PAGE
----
Oh, no. Just like my life journey, walked in faith, I have a publishing journey to take before the novel leaves my hands for good.

The edits: I’ve just completed round one. I’m sure there will be many more coming around the bend. (“Be of good courage.“)

The waiting: Suspenseful days, waiting for my editor to get back to me. (“The fruit of the Spirit is…patience...”)

More edits: More preparations for the day of release. Will it ever end?! (“Be joyful in hope…”)

What I learn about courage, patience, and hope in the Christian life spills over into my life as a writer. And visa versa.

I’m still not done?

Apparently not. (I wish there was a sound emoji for a whining kid. But my granddaughter’s face below says it all.)

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Here’s a quote for writers that should be just a few notches lower than scripture:

“The art of writing is the art of applying the seat of the pants to the seat of the chair.”

And here’s my own (that’s right, it’s not scripture) quotation:

“Be of good cheer, o writer, thy work hath a great reward if thou persevere in faith, and if thou dost not trust in thy own limited insight, but verily, doth wait on the Lord—and the editor— with patience in affliction, filled with hope.” (Dena Netherton, author and Christian)

I hope you have a great day, still not being done!

 

 

Like Little Children

When I was a small child I found the world of adults—particularly my parents— gargantuan, scary, and incomprehensible.

The things they conversed about sounded like gibberish.

They could do things that seemed god-like, such as lighting a pilot light, driving a car, or going to sleep in a dark, dark room without needing a night-lite.

Who else but a god could read a newspaper and understand it, let alone enjoy its contents?

Who else but a god knew how to drive from our house to some strange place we’d never been before?

And who but a god knew the order of our days: when to get up, what to wear, and if the events of the day were going to diverge from the ordinary?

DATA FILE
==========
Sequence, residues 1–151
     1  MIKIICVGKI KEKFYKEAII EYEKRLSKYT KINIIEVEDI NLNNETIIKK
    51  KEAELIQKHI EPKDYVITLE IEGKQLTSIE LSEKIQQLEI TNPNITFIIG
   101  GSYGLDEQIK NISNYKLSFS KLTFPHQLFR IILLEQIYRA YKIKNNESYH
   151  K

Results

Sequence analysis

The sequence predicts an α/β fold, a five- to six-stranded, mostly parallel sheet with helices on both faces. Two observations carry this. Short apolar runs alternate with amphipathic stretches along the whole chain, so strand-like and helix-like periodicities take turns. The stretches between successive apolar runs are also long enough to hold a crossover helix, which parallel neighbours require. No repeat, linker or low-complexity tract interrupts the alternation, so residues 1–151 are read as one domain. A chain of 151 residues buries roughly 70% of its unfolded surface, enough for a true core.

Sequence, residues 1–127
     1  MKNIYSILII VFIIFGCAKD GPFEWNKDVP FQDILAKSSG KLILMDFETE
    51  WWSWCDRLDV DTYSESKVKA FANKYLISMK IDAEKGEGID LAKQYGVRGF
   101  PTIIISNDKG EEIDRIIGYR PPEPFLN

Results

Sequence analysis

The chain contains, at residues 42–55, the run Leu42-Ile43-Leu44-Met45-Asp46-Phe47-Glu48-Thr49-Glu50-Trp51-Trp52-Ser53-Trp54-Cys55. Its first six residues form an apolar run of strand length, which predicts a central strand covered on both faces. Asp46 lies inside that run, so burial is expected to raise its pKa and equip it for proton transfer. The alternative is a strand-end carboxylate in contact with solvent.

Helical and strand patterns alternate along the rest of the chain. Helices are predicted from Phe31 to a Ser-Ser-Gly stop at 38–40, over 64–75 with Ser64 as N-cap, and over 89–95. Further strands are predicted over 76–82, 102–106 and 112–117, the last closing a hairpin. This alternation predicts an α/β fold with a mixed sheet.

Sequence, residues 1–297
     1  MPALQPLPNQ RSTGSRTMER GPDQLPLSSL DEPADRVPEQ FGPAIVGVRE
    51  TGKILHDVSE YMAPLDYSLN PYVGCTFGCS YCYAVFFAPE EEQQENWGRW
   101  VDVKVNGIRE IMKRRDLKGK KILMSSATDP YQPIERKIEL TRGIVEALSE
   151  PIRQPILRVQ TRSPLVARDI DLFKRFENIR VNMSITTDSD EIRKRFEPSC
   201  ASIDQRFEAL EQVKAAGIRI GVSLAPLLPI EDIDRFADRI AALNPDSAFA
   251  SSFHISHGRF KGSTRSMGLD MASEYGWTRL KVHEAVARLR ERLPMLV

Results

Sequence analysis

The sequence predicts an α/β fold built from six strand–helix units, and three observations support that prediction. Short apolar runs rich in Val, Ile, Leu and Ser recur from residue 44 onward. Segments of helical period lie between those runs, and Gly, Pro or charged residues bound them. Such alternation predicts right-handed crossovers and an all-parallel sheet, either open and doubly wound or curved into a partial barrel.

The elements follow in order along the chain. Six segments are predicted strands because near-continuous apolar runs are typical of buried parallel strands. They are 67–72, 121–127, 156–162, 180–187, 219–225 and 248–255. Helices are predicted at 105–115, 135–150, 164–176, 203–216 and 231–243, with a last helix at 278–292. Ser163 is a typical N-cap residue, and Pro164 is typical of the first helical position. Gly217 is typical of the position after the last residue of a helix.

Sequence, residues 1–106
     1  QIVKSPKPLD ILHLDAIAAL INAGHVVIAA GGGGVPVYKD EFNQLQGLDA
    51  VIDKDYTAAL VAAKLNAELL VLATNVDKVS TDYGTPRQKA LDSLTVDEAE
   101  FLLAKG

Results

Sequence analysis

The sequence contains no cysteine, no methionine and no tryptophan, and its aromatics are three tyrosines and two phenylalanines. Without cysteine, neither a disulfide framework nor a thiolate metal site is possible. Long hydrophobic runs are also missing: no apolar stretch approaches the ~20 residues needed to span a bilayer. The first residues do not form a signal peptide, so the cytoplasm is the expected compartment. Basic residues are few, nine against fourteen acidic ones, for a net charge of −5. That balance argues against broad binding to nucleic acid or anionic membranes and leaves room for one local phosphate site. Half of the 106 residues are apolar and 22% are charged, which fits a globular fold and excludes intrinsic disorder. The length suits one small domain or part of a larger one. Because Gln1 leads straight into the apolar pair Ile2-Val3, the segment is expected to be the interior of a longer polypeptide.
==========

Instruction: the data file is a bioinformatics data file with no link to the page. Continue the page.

So when my god-like parents determined that it was time to take a nap, I did not question them.

When food was placed before me, it did not occur to me to ask for menu options.

If my parent-gods were pleased with me, my world felt secure.

If one of these gods was displeased, I felt shame.

I learned to socialize.wild-basin-june-2011-072

A few years passed.

I went to school, developed relationships with my peers, and learned to do god-like things like read and write.

By ten, my parents were no longer gods. Sure, they were people to be admired, even feared at times.

But they no longer dwelt on Mt. Olympus.

I let them know by my words and body language—even though, obedient— that I no longer accepted their orders and instructions without question.

I ceased to be a little child.

This is as it should be for the growing child. He or she must begin to learn how to live independently.

But in the supernatural world of the seeker of Christ, or the disciple of Christ, to be child-like is exactly what we need to be. Dependent.

To recognize that the world surrounding us is gargantuan, often scary, and almost always incomprehensible.

And to trust that our Father knows what is best for us.

Unlike the little child living under his parents’ roof, I will never grow so mature and knowledgeable that I won’t need Him.

I need to keep reminding myself that…

He is the Alpha and Omega

and I am just a wee small babe in constant need of protection and guidance.

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“At that time the disciples came to Jesus and asked, ‘Who is the greatest in the kingdom of heaven?’

He called a little child and had him stand among them. And He said: ‘I tell you the truth, unless you change and become like little children, you will never enter the kingdom of heaven. Therefore, whoever humbles himself like this child is the greatest in the kingdom of heaven.'” (Matt. 18: 1-3 NIV Bible)